There is also evidence that the range of persons being targeted has expanded. In particular, it has been widely reported that late in the Bush administration, the CIA received permission to broaden the scope of targeting from an exclusive focus on high-value al-Qaeda and Afghan Taliban targets to include "low level fighters whose identities may not be known" and that this broadened scope has gradually come to include the Tehrik-e-Taliban (TTP) or Pakistani Taliban (Kilcullen, Exum, Fick and Humayun 2009: 18; Mayer 2009; Entous 2010). More and more pressure has been added by the international community to stop these drone attacks, but top US officials have defended its use. A top US counter-terrorism official cited the benefits of its uses. Such benefits include reduced danger to US pilots and limited US military involvement overseas.
There were reports from the Wall Street Journal that revealed the Bush Administration's and CIA's plan to set up hit squads to capture and kill Taliban and Al Qaeda militants around the world. The anger from the public grew even more when the Times reported that the CIA planned to carry out these hits by employing the controversial private contractor formerly known as Blackwater. Members from both the House and Senate intelligence committees claim that these plans were hidden from them and demanded a thorough investigation of the programs created to carry out those hits. Although the program was never fully operational, many legal experts contend that if they were, it would have violated President Gerald R. Ford's 1976 executive order in which it bans American intelligence forces from engaging in assassinations.
Although the targeted-killing program was never fully implemented, many consider the Predator program to be an extension of its intended creation. It so happens, that the Predator program also uses private contractors for maintaining the drones, equipping it with Hellfire missiles, and also flying it.
There are currently 2 drone programs in which the US government runs. There is the military version, for which it is publicly acknowledged and operates in recognized war zones such as Iraq and Afghanistan. The military version is considered to be an extension of conventional warfare. Then there is the CIA's version, which aims at killing suspected terrorists around the world, including in countries where US troops are not present. The latter is covert and not much information is provided to the public about how it chooses its targets, where the operations are conducted, or how many people have been thought to have been killed. The international community condemns these targeted killings and suggested that these attacks would encourage other countries to disregard long-established human rights standards. Some even suggested that these drone strikes may even constitute "war crimes". Powerful countries such as China, Russia and other countries have publicly criticized the US drone attacks. The concern is mostly about the use of drones outside of recognized war zones and the secretive nature of such operations. Aside from the lawful use of drone attacks in which it is involved in armed conflict, some consider the secondary attacks on rescuers who are helping the injured after the initial drone attacks, those further attacks are suggested to be war crimes.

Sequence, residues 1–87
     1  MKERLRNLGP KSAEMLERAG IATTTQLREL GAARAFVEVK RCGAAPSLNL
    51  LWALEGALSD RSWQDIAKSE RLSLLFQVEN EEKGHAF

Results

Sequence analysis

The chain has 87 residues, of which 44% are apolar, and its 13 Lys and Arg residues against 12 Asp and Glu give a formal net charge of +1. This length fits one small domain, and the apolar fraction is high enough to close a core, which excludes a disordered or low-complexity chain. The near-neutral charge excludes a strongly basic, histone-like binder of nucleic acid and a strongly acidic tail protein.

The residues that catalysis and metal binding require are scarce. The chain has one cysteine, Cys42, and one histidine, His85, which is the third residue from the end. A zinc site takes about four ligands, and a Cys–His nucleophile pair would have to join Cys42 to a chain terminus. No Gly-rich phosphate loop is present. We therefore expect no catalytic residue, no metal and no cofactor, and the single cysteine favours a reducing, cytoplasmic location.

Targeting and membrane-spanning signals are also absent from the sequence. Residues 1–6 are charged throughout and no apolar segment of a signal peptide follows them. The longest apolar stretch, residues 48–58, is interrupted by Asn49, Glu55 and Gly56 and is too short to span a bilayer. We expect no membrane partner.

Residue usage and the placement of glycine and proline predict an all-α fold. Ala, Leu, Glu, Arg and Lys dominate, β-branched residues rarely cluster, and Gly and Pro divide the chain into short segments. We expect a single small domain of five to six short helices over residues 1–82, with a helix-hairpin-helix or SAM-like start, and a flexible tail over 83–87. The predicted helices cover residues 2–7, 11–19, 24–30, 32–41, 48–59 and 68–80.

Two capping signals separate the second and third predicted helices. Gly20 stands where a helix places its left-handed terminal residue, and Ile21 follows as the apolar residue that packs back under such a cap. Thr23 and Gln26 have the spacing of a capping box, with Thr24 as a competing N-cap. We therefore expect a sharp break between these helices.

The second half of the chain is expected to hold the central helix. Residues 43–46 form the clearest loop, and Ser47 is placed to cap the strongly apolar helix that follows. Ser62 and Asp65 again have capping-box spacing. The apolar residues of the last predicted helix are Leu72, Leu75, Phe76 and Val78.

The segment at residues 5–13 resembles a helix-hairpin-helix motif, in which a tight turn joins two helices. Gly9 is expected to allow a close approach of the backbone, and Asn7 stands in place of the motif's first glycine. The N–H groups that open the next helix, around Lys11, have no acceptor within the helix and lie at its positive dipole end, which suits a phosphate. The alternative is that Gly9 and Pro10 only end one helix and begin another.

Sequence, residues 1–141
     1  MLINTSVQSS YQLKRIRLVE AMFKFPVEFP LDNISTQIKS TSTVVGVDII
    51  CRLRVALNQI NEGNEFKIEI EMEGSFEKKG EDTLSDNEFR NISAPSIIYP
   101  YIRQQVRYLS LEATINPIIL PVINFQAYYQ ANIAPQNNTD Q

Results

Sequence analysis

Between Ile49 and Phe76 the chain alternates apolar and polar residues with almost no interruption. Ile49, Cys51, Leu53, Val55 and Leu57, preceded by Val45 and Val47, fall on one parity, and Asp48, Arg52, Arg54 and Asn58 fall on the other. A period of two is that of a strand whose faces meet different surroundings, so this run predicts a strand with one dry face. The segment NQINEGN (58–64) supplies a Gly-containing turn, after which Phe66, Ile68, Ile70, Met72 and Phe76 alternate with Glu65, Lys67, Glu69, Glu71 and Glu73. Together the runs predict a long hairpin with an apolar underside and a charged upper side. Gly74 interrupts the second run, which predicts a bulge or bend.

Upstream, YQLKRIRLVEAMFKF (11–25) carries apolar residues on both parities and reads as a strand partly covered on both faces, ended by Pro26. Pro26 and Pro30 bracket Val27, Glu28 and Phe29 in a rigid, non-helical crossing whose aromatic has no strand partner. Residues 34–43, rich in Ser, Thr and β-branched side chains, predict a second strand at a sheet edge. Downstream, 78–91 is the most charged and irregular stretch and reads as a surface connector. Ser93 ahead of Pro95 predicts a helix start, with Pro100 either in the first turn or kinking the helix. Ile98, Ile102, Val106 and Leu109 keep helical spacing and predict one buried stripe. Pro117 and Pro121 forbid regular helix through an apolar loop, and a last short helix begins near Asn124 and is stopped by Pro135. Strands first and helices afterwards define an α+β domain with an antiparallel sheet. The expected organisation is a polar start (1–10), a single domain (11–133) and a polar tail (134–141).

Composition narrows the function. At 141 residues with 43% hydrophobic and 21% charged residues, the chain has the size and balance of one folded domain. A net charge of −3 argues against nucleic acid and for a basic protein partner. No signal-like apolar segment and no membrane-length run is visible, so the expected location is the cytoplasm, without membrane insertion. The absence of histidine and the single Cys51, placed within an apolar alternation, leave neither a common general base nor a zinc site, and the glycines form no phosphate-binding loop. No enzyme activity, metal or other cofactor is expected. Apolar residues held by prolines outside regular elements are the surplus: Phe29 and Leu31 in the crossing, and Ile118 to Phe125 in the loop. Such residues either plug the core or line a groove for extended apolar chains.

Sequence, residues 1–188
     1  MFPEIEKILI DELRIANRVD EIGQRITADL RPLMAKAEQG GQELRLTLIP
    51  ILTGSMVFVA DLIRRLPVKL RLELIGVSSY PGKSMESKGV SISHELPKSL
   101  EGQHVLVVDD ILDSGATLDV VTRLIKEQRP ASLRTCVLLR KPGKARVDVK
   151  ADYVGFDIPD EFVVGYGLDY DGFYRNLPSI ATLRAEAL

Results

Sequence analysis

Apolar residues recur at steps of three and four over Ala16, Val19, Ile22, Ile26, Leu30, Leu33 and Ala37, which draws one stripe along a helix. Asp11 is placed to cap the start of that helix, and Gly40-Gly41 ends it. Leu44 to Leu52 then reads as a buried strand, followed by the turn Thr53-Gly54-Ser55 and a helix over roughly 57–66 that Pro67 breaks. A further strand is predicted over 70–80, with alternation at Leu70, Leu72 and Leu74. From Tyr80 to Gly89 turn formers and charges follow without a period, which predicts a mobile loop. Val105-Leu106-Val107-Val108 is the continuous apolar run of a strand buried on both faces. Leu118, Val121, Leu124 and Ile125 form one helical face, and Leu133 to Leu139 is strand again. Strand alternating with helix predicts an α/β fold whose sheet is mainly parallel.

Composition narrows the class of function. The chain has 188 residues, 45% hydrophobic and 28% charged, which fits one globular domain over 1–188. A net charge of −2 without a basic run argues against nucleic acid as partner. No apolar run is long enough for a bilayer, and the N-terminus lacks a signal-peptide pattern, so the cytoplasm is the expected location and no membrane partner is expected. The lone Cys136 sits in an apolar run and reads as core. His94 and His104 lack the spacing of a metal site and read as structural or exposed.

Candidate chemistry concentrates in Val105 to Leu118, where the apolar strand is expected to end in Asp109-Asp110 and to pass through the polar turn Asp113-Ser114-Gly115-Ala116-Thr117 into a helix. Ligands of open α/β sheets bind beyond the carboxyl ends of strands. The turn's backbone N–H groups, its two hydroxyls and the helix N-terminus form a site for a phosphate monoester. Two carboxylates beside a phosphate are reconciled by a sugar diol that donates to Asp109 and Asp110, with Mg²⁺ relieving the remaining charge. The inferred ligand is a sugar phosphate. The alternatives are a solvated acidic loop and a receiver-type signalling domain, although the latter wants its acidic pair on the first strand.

One of the main concerns about using the Predator drone, despite its exemplary combat record, is that drones could lead us down the road to building fully autonomous weapons systems; machines that can make their own lethal decisions on the battlefield. It's hard to distinguish which weapon system is considered 'autonomous', so for the purpose of making a quick distinction, I will refer to any weapon that makes a decision to launch a lethal attack as fully autonomous. So, a heat-seeking Hellfire missile that follows a target would not be autonomous because a human entity made the decision to push the button to launch it, but a Predator drone programmed so as to make the decision for itself to fire on a specific target of its own accord would be. So as long as the human element is present for each particular lethal decision, it would not be considered autonomous. Many consider autonomous drones to be morally impermissible and are afraid that the move to make current drones autonomous is just around the corner.